Music Festival finds harmony
by Chris Wilson
Onstage at the Saturday morning Ojai Music Festival family
concert, Marino Formenti twice invited young people to join him
so they could see up close how a piano, rigged with special devices
and doodads, can make intriguing sounds.
A nervous Ernest Fleischmann stood at the foot of the steps,
ordering all adults off the stage. Formenti, it was clear, was
there to challenge young minds, help them learn about the way
music is made and to show them the finest in performances
But as a result, he may have challenged and slightly frustrated
himself with a bevy of technical applications and stage changes.
Formenti, a master at the keyboard, himself admitted the pleasures
of performing for young audiences, even if their minds and eyes
do wander during the music.
"Their ability to concentrate is different from adults,
children are basically very broad-minded about the sensitive
emotional experiences they have," he wrote.
The four pieces he played, intended for kid's ears, challenged
even the adults in the audience.
Olga Neuwirth's "incidendo/
fluido" requires that the piano be rigged with bits of rubber
and plastic foam between the strings to muffle and alter the
normal sounds of the Steinway. Then, otherworldly sounds are
pumped out of a mini-compact disc player to lend even further
playfulness to the piece. The result is a space-laced piano piece
on the lunatic fringe of music. One concertgoer said it sounded
like a lot of banging.
Formenti showed that he has the talent and technical ability
to put on a show. Not only does he possess uncanny ability to
bang away at the keys, but he also can climb under the piano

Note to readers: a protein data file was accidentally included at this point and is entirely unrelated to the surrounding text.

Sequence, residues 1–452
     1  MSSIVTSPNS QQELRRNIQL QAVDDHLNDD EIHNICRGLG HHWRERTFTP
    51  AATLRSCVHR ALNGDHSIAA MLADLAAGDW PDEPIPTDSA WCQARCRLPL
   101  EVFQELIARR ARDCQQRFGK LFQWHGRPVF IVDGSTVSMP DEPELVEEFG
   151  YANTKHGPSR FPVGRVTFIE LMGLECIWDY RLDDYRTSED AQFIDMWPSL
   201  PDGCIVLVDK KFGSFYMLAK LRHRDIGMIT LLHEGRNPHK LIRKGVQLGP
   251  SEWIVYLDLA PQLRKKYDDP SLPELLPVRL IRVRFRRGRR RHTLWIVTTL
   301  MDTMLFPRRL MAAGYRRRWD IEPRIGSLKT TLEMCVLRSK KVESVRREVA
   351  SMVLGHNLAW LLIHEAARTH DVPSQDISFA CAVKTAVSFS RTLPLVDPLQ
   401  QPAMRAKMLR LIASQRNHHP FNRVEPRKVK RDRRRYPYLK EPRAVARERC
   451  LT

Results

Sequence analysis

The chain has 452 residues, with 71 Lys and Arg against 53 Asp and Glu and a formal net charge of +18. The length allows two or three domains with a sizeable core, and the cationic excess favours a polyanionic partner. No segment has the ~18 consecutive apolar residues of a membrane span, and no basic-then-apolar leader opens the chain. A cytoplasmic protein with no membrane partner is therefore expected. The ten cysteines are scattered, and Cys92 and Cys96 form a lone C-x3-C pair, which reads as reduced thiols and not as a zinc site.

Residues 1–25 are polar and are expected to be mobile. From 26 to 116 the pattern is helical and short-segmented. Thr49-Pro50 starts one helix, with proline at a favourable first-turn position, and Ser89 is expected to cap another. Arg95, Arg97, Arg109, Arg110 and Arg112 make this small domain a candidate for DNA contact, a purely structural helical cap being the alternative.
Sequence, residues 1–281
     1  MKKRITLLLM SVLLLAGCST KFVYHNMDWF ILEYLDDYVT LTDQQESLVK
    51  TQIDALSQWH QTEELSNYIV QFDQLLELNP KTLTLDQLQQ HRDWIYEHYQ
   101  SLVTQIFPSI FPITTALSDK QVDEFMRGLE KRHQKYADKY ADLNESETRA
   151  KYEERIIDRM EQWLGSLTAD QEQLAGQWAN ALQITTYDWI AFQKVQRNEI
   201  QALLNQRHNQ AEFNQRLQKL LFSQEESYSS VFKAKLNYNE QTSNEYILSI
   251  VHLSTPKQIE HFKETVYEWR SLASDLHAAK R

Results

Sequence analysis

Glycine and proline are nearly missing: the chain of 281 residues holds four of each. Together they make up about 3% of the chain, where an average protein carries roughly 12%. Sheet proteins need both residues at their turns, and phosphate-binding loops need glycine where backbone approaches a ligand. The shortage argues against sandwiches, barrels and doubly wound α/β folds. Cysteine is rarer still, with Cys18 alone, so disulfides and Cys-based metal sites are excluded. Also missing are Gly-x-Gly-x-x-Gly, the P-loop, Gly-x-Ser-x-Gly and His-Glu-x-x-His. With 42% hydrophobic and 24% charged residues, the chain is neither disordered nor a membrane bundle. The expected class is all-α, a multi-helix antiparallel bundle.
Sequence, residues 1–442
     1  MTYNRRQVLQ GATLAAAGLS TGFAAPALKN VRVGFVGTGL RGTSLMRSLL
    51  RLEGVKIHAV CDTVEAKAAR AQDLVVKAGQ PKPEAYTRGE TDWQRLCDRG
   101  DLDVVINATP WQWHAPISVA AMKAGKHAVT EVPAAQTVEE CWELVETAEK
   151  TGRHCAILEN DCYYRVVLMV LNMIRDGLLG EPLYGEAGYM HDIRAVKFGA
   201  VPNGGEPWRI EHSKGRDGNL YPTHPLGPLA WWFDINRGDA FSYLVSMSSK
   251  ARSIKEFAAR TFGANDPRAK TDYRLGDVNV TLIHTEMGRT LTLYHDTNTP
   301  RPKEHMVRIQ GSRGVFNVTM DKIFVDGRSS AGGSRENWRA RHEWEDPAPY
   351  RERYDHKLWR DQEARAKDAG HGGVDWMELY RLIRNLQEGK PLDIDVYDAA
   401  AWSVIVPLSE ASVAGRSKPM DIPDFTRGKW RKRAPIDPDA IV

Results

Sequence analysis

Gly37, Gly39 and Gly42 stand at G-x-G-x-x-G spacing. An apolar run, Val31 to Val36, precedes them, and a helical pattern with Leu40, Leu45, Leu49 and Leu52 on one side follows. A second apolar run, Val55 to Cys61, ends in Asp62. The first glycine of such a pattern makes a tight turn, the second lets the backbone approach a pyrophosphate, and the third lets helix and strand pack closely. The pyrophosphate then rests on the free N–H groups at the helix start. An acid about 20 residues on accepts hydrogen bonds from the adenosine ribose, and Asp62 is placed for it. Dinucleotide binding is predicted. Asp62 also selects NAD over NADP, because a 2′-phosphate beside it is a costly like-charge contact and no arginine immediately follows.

and remove the foot pedal stops so the tones can sound without
interruption for the next piece.
"Homage to Ligeti," requires the player to simultaneously
play two pianos. One is tuned to the normal scale, the other
is tuned a quarter-tone lower. This resulted in a mad dash of
colorful sounds while Formenti sat bouncing between the two pianos
with keyboards set to each other at a 90-degree angle. Playing
both at once, he shows that he's holding a lot talent up his
Closing out the concert, at last there were some familiar sounds,
as Formenti launched into American composer Alvin Lucier's "Nothing
is Real," we heard a dramatically slowed-down version of
a popular Beatles tune, "Strawberry Fields." The piece
is intended to be recorded, then played back while being played
live again, to lend new and interesting sounds. But technical
difficulties, an hour into the show, had challenged many young
ears enough, and while Formenti called for a five-minute break
to try it again, some of the youngsters headed for the Libbey
Park swing sets.
© 2002 The Ojai Valley News
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FORMENTI shares his love for music at the family concert Saturday,
inviting the young audience onstage to show them his tricks.